In LCA, models are compared to determine the optimal number of classes (i.e., class enumeration), beginning with evaluating the fit of a one-class model and incrementally adding latent classes until the best class solution has been satisfied. Model selection is based on consideration of several fit indices including information criteria and likelihood ratios. For the information criteria, we used the Akaike information criterion (AIC) [48], the Bayesian information criterion (BIC) [49], and the sample size-adjusted BIC (ssaBIC) [50]. With regard to the information criterion statistics, lower values indicate a better fit. We considered the Lo–Mendell–Rubin adjusted likelihood ratio test (LRT) [26]. The likelihood ratios of the k-1 and k class models test the null hypothesis to determine whether there is a statistically significant difference. Thus, a p < 0.05 suggests that the k class model is a better fitting model than the k-1 class model, whereas a p > 0.05 suggests that k-1 class solution is preferred in terms of accurately reflecting the data. We can further assess whether we have chosen the right number of classes using the bootstrapped parametric likelihood ratio test. A standardized measure of entropy was also computed. The entropy measure (values ranging from 0 to 1) assesses the relative accuracy of participant classifications, with higher values indicating better separation of the identified groups [51].
Fourth, the association of latent class membership with the SDQ, PANAS-C, and PWI-SC scores was analyzed using multivariate analysis of covariance (MANCOVA). Gender, estimated IQ, and socio-economic status were used as covariates. Partial eta squared (η2) was used as index of effect size.
SPSS 22.0 (IBM, New York, NY, USA) [52] and Mplus 7.4 (Muthén & Muthén, Los Angeles, CA, USA) [53] were used for these analyses.

3. Results

3.1. Identification and Delimitation of the Latent Classes of Suicidal Behavior

The total percentages for the PSS scores were as follows: 0 = 58.6%, 1 = 16.5%, 2 = 9.8%, 3 = 8.2%; 4 = 4.8%, and 5 = 2.0%.
Table 1 displays the fit indices resulting from the different estimated LC models. As noted, the four-class model was the best fitting solution compared to the one-, two-, three- and five-class models. Comparatively, the four-class model presented the highest entropy value, a statistically significant LMR-A p-value, and the lowest AIC and BIC values. The three-class model also showed adequate goodness-of-fit indices, although the entropy value was lower, and the AIC and BIC indices were slightly higher compared to the four-class model.
Membership for the four-class solution was as follows: LC1 n = 1130 (75.03%), LC2 n =15 (1.00%), LC3 n =104 (6.9%), and y LC4 n = 73 (17.06%). The mean probability of membership for each LC was 0.96, 0.99, 0.99 and 0.94, respectively. This result reveals the existence of a clear differentiation among the four subgroups of participants—that is, a participant grouped into a particular LC has a high probability of belonging to that class, and no other.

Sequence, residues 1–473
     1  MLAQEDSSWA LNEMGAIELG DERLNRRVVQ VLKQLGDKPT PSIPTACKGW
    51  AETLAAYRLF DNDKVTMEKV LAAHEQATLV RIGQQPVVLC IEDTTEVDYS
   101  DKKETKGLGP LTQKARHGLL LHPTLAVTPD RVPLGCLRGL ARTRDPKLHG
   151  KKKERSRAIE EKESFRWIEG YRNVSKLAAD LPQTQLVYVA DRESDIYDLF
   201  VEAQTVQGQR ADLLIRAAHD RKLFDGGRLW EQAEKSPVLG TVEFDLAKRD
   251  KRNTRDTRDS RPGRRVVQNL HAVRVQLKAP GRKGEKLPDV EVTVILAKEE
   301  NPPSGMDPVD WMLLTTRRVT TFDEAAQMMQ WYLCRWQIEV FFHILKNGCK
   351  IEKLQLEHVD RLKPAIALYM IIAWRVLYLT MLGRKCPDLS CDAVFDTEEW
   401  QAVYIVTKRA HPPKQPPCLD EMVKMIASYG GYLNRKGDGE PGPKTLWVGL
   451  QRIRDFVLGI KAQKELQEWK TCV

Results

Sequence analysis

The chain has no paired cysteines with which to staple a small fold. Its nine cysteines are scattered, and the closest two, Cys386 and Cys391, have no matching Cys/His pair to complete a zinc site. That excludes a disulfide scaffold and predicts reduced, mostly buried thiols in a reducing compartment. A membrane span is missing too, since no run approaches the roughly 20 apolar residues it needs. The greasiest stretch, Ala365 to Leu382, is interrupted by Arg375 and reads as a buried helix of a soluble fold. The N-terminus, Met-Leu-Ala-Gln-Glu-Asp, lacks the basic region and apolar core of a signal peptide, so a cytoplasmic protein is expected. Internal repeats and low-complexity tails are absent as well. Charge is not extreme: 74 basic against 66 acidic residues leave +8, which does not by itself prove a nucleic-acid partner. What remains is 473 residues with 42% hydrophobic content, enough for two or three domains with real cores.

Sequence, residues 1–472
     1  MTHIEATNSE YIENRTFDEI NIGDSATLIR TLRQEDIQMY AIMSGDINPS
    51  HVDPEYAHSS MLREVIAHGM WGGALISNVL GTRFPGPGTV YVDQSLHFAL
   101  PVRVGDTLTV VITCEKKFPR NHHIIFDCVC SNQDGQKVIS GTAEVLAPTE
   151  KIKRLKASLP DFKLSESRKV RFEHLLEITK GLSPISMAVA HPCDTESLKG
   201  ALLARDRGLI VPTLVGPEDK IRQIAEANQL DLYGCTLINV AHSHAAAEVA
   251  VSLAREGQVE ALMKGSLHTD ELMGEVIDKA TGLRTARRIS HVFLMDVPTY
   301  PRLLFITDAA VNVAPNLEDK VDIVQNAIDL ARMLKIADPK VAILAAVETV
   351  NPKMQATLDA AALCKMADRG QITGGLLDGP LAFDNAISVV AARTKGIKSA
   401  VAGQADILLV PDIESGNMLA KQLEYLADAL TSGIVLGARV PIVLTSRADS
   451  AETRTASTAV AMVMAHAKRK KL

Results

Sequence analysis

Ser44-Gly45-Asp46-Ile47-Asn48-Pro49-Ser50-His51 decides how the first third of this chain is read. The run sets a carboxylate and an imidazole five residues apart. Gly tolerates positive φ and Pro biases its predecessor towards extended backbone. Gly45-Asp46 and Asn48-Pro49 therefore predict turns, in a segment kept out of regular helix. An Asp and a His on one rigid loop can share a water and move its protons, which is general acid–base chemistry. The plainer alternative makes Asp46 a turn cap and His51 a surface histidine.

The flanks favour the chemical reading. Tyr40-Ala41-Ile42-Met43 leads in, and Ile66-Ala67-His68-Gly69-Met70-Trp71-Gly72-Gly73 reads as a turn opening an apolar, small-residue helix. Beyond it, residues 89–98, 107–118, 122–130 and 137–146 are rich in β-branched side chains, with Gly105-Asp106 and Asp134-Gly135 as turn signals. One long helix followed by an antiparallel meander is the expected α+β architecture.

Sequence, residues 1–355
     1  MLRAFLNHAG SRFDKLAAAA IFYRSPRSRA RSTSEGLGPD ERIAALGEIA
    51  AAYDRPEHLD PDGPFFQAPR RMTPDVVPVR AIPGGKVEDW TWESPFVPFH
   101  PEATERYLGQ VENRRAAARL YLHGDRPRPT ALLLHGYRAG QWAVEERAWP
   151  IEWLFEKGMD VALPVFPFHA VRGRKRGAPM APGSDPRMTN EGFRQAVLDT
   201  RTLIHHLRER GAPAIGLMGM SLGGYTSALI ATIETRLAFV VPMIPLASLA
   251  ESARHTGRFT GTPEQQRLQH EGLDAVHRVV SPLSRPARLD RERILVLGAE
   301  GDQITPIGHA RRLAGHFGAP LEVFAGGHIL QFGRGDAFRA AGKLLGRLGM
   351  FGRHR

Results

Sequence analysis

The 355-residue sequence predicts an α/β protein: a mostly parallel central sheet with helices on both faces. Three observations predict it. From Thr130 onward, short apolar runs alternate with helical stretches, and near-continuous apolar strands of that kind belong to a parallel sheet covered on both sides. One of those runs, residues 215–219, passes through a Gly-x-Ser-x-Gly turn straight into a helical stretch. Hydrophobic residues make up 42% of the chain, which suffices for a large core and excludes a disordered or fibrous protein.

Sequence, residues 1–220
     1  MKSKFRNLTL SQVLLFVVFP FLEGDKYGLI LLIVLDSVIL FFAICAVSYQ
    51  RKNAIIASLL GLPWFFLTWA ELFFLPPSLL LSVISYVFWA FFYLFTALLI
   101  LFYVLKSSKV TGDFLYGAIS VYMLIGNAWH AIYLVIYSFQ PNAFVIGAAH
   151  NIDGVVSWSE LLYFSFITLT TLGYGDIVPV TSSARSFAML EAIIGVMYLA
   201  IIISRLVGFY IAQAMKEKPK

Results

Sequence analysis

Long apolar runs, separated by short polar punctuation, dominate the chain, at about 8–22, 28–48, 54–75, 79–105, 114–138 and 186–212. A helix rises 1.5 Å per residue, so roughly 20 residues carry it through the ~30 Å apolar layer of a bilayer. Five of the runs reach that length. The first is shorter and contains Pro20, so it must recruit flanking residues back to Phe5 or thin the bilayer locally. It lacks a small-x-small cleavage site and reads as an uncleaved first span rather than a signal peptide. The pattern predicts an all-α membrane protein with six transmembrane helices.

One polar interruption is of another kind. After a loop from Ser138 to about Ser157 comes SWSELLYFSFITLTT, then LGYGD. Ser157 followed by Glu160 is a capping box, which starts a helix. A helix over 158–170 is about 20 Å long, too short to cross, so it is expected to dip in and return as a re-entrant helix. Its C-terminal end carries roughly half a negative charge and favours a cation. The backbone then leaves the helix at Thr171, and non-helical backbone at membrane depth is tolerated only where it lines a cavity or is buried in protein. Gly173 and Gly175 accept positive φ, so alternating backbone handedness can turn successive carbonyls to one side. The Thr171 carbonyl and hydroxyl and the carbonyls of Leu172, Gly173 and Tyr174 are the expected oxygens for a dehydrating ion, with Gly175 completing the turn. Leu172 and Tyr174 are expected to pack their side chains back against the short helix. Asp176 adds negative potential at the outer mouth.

Figure 1 shows the scores on the PSS items for the resulting profiles of individuals. Latent class 1 (LC 1) consisted primarily of individuals with low scores on the PSS items and, thus, was called “low risk”. Latent class 2 (LC 2) includes individuals with high scores on item 3 and 4 and was labelled as “suicidal act”. Latent class 3 (LC 3) includes participants with high scores on all PSS items and was, thus, called “high suicide risk”. Lastly, latent class 4 (LC 4) consisted of individuals with high scores on item 1, 2, and 3 and was labelled as “suicidal ideation”. Comparatively, latent class (LC 3) presented a higher mean PSS total score (p < 0.01).

3.2. Validation of the Latent Classes of Suicidal Behavior: Social-Emotional Adjustment

A MANCOVA revealed statistically significant differences when considering all variables on class membership as fixed factors (Wilk’s λ = 0.666, F (24,4327) = 27,112; p < 0.001, partial η2 = 0.127). Table 2 shows the mean scores, standard deviations, p-values, and effect sizes resulting from the analyses. Figure 2 displays the distribution of z-scores derived from the mean scores. In some cases, the estimated effect sizes were high. A clear differentiation was found among groups of participants, which suggests that there are distinct behavioral patterns of social-emotional adjustment underlying the latent classes.
The “high suicide risk” group presented higher scores on emotional and behavioral problems and lower scores on prosocial behavior compared to the rest of the groups. With regard to subjective well-being, LC 3 and LC 4 displayed lower levels than did the remaining classes. For the negative and positive affect, differences among latent classes were clear cut, with LC 3 presenting the lowest level of positive affect and one of the highest mean scores on negative affect (p < 0.01).

4. Discussion